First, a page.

It's not often I find myself in the vanguard of business innovation, so I was really pleased to hear a discussion about the popularity and success of buying art over the web on BBC Radio 4 this morning. I started selling paintings from my website back in 2009 - I think this little crucifix (now somewhere on Orkney) was one of the first commissions I received by internet. I have always been surprised and delighted that people are prepared to buy something so personal as an artwork 'sight unseen'; though the ability to email a high resolution photographic scan is really helpful, and I haven't yet had a buyer ask to return a painting. And my experience is mirrored higher up the feeding chain - apparently on line sales of art have been increasing across the board, even in the four and five figure bracket, and with giants such as Sothebys and Christies.
This is a wonderful thing for artists because, provided one can get to grips with the intricacies of on line marketing, it opens the world up for sales and liberates us from selling solely through brick-and-mortar galleries. People are always shocked to hear that an art gallery generally takes 50% of the sale price of a piece, plus VAT on top of that. In London that fee would often be 60% or 70%. Rent and rates on high street premises, glossy brochures and travelling to art fairs and functions all costs a great deal of money even before the gallery's staff costs are paid. It is very hard for a gallery owner to make a living. Unfortunately it is even harder for an artist. To make more than five pence an hour painting an original, an artist's work must command a very good price indeed, involving years spent slowly building a 'name' and nudging up ones prices. A gallery's commission is only the start of the expenses involved in selling. The artist bears the cost of professional framing - if you have ever had a print framed, you will know how expensive that can be. A gallery takes work 'on consignment' - that is to say, the artist is paid nothing for it until it sells, if at all. Often an artist has to pay an up-front annual fee for wall space before the gallery will actively market the work. As a result, many galleries are stocked largely with prints or cheerful-looking canvasses with rorschach blobs and splashes.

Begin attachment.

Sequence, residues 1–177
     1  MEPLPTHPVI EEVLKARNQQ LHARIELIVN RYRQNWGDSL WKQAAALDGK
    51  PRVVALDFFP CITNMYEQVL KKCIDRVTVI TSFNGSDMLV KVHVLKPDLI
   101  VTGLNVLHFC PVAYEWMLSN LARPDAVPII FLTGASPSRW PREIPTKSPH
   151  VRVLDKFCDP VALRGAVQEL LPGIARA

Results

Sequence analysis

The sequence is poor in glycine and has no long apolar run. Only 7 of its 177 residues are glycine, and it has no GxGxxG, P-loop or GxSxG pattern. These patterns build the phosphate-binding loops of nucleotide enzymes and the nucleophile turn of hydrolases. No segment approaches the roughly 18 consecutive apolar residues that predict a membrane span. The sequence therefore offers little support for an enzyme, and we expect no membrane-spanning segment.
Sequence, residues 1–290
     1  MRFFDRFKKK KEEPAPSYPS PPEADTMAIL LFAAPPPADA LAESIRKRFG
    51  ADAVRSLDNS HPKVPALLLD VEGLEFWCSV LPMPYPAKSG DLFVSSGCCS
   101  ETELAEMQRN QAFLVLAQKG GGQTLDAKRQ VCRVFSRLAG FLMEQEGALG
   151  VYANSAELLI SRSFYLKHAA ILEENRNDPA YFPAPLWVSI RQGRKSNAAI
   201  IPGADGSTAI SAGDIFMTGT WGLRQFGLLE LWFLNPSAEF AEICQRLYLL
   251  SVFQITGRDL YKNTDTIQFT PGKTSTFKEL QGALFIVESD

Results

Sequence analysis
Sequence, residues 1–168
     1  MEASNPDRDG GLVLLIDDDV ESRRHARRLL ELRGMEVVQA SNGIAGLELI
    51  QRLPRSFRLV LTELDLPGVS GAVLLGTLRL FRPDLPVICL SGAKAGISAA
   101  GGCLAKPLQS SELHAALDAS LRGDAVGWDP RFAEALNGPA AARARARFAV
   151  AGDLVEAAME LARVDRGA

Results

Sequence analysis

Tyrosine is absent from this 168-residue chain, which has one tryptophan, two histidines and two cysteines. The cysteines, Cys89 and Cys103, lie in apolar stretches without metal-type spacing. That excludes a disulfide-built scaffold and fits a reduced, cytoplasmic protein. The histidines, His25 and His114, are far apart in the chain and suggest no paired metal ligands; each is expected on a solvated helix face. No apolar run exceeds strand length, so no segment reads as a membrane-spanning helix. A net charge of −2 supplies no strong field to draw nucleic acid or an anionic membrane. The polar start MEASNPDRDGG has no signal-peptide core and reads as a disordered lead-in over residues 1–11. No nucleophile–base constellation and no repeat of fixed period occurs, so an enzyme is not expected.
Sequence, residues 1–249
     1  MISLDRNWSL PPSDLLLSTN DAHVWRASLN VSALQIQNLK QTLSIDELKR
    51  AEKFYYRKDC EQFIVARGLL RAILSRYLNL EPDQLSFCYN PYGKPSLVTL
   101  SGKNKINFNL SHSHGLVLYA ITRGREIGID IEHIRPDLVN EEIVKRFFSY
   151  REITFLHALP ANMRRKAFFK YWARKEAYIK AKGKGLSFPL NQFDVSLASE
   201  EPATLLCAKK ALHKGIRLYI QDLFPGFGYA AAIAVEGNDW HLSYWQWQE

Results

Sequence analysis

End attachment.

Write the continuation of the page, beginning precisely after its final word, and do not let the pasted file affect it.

So dear reader, if you are buying art for your home and want something really original and unique I urge you to become a patron of the arts. Hunt down the artist's website and approach them directly. No prices displayed? It costs nothing to ask!
The view from my desk
Current work, places and events, art travel, and interesting snippets about Christian icons, medieval art, manuscript illumination, egg tempera , gilding, technique and materials.